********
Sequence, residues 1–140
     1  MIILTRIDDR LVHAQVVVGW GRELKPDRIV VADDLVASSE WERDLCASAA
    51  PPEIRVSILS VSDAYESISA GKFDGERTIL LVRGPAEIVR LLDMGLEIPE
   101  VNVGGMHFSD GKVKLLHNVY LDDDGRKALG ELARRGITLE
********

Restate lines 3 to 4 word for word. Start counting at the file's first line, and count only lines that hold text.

    51  PPEIRVSILS VSDAYESISA GKFDGERTIL LVRGPAEIVR LLDMGLEIPE
   101  VNVGGMHFSD GKVKLLHNVY LDDDGRKALG ELARRGITLE